Antibiotic overuse could up diabetes risk, study says


Repeated utilization of some antibiotics could increase a person’s risk of developing diabetes type 2, according to research published online Tuesday in the European Journal of Endocrinology.

In the research, scientists in the University of Pennsylvania discovered that men and women who had ever been prescribed with at least two courses of specific kinds of antibiotics were more prone to eventually become identified as having type 2 diabetes than those who had a maximum of one.

The antibiotics used in the study came from one of four categories, based on LiveScience: penicillins, cephalosporins, quinolones and macrolides. The authors reviewed a database of UK patients, exploring the quantity of antibiotic prescriptions given to over 200,000 diabetics at least one year before those individuals were diagnosed with the problem.

They then compared those figures with the quantity of antibiotics prescribed for roughly 800,000 men and women who did not have diabetes, but were the same average age because the patients in the other group. They discovered that the greater courses of antibiotics which were prescribed to a person, the greater the risk that she or he would will continue to develop the disease.

Patients who had been prescribed between two and five courses of penicillin increased their chance of diabetes, according to the Daily Mail, and also the risk increased by 23 percent for all those receiving more than five courses from the commonly used antibiotic versus the one- or no-course group.

Those who were given between two and five courses of quinolones, that are accustomed to treat respiratory and urinary tract infections, had an increased diabetes chance of 15 %, and people receiving a lot more than five courses saw that risk shoot up by 37 percent. The risk remained even when other factors, including obesity and cardiovascular disease, were taken into account.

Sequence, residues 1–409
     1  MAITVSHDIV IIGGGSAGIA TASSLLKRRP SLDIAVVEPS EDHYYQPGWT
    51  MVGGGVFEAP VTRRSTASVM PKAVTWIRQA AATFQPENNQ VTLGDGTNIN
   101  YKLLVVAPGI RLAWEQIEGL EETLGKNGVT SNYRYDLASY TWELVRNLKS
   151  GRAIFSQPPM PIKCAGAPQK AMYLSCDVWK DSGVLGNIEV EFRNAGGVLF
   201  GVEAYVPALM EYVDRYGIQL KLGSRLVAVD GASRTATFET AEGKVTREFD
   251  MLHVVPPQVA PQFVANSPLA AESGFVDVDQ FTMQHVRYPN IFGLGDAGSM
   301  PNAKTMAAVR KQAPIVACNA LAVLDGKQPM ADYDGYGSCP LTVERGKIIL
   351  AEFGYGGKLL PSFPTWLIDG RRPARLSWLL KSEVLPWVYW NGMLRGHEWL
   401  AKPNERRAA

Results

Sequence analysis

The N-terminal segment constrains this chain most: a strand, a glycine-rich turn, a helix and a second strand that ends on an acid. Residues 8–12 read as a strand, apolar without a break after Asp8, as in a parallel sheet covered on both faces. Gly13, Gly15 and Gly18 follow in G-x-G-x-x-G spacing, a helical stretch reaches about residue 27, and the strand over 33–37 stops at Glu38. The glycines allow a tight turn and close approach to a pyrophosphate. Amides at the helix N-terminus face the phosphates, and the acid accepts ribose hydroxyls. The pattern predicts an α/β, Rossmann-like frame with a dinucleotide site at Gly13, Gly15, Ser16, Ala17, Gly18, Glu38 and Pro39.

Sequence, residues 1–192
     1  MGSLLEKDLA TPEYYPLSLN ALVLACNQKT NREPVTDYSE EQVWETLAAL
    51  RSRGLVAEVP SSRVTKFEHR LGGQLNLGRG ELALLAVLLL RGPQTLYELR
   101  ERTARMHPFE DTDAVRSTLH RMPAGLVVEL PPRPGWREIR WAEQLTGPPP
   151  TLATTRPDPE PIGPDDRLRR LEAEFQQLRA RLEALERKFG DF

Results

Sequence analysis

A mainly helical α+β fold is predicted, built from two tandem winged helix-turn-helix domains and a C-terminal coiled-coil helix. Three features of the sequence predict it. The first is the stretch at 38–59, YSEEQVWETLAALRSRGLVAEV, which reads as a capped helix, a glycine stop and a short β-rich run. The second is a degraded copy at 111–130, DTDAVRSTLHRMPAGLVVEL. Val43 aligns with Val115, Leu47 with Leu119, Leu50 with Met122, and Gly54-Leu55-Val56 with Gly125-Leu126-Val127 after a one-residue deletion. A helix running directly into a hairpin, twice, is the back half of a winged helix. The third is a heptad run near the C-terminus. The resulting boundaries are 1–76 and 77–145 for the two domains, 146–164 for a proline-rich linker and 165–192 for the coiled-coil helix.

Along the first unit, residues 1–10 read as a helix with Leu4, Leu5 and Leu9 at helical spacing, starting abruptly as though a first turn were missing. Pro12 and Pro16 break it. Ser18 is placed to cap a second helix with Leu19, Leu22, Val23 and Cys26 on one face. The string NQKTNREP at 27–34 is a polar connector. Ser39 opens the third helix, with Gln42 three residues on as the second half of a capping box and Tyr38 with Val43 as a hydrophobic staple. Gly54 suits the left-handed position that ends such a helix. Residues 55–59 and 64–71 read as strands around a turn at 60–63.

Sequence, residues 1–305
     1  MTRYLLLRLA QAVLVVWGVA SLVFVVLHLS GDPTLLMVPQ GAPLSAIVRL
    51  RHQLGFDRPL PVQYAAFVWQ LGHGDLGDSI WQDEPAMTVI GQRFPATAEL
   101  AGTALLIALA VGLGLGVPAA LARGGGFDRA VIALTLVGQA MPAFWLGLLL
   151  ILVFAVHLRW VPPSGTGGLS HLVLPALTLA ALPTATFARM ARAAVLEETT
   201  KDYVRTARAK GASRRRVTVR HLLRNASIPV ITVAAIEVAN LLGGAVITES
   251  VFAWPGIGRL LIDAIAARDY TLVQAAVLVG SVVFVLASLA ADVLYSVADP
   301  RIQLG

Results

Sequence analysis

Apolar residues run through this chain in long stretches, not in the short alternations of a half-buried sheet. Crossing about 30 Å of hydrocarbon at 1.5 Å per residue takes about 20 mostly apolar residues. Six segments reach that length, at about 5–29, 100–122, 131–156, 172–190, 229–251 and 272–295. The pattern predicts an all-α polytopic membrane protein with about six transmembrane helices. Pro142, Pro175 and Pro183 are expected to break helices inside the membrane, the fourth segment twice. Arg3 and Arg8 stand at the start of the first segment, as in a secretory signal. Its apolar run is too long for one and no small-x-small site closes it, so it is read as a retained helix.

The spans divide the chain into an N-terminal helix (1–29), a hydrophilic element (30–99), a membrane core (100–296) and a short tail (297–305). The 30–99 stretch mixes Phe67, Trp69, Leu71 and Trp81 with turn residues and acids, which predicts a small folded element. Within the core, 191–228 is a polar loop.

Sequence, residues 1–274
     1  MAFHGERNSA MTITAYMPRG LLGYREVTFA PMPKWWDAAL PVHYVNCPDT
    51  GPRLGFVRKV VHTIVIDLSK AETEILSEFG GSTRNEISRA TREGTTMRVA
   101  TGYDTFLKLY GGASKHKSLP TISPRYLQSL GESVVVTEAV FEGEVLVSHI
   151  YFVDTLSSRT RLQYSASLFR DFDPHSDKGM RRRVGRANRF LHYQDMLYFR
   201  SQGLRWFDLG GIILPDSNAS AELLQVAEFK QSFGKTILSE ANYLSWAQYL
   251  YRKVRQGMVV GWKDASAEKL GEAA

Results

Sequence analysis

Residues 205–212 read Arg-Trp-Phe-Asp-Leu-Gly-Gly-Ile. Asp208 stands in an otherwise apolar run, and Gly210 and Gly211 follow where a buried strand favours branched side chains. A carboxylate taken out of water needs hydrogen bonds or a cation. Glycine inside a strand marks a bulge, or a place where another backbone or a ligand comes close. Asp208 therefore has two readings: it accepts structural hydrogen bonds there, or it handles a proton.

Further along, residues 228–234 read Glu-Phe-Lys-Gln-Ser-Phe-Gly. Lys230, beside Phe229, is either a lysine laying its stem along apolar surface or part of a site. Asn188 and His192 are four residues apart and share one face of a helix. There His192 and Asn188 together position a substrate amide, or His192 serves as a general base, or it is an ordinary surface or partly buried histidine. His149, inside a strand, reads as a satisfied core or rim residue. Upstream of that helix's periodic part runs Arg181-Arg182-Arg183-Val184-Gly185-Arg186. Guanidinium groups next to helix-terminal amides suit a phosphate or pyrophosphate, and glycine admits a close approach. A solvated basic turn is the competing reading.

Those who have been given only one span of antibiotics showed no such rise in diabetes risk, they reported. Nor was there any link found between contact with anti-virals and anti-fungals and diabetes risk. The reason for the association between frequent antibiotic use and the chance of diabetes isn’t unclear, but may be associated with a gut bacteria imbalance, they wrote.

“While our study doesn’t show expected outcomes, we believe changing levels and variety of gut bacteria could explain the link between antibiotics and diabetes risk,” co-author Dr. Yu-Xiao Yang, a helper professor of medicine and epidemiology in the University of Pennsylvania in Philadelphia, explained in a statement, based on LiveScience.

“Gut bacteria happen to be suggested to help the mechanisms behind obesity, insulin resistance and diabetes in both animal and human models. Previous studies have shown that antibiotics can alter this enzymatic ecosystem,” added lead author Dr. Ben Boursi.

“Over-prescription of antibiotics is already a problem around the world as bacteria become increasingly resistant to their effects,” he continued. “Our findings are important, not only for understanding how diabetes may develop, but because a warning to reduce unnecessary antibiotic treatments that might do more harm than good.”